Peggy Ryan is a Dominican Sister of Sinsinawa who directs the Holy Family Food Pantry, which is part of Most Blessed Trinity Parish in Waukegan, llinois. She recently completed her Doctor of Ministry degree from Barry University in Miami Shores, Florida. As part of her parish ministry, Peggy and the other Dominican Sisters with whom she lives, offer weekend retreats of service and theological reflection.
The symbol of the labyrinth was adopted by the church as a way to unite us with the Holy One. Isn't that what we really want to have happen during Lent – for our souls and our feet to unite?
The call to accompaniment continually requires significant inner work. Letting go of ego, opening ourselves up to the other, and most importantly, doing the spiritual work that offers us the great gift of staying grounded in God's love, mercy, and joy demands a discipline and a commitment to prayer and truthfulness.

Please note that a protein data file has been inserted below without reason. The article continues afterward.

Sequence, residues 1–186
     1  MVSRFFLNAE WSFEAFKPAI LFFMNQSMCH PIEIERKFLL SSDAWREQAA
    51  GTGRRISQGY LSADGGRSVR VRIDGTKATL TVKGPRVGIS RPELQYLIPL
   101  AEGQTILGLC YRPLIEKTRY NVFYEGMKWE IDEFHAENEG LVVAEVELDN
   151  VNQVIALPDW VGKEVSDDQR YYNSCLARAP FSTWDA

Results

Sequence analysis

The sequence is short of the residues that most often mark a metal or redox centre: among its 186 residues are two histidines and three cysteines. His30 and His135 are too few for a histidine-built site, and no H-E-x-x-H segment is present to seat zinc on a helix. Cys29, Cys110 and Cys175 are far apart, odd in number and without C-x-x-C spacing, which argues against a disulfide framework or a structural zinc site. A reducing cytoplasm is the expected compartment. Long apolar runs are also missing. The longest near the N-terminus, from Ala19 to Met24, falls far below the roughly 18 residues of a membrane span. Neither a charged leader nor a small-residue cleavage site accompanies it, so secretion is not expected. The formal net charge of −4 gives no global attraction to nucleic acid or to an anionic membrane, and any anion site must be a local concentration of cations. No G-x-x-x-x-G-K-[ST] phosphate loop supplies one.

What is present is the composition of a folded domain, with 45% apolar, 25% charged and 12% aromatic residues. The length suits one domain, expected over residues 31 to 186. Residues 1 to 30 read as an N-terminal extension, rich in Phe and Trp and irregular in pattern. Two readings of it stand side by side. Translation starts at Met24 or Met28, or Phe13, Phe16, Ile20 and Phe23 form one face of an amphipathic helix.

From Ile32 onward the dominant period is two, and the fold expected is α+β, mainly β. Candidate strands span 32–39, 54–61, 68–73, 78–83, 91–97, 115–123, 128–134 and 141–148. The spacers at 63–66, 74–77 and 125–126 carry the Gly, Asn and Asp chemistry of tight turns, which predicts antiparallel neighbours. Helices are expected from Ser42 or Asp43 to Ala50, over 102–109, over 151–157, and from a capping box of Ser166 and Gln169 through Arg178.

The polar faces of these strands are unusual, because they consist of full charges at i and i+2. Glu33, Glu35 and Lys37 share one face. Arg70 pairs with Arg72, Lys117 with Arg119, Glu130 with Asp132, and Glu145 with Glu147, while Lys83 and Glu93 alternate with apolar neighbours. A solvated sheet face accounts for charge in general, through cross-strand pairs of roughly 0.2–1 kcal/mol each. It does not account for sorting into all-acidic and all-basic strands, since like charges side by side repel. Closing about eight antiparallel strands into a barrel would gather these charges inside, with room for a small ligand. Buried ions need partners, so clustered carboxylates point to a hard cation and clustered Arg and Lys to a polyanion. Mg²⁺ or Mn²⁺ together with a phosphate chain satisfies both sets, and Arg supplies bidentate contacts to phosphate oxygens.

The food pantry where I serve is a former Catholic church. Some years ago, volunteers came in, removed the pews and replaced them with shelves that hold the groceries we give away. The heavenly food of the Eucharist, once received here, has been exchanged for an earthly fare: rice, beans, fresh veggies and fruit, milk, meat, and other good stuff. Now, many — often broken and desperate — who reflect Christ's body, form community as they wait in the exact place formerly reserved for the blessed sacrament.
Admit it! We have all done it, haven't we? Stuffed our old clothes in a bag, or maybe, first washed and folded them neatly, and then given them away. Sometimes, the clothes just do not fit anymore. Or, we need more room in our drawers for newer clothes and are just too tired of folding that sweater we have not worn in forever. At other times, we call it cleaning out our closets. I have heard of some who give away an old item every time they buy something new.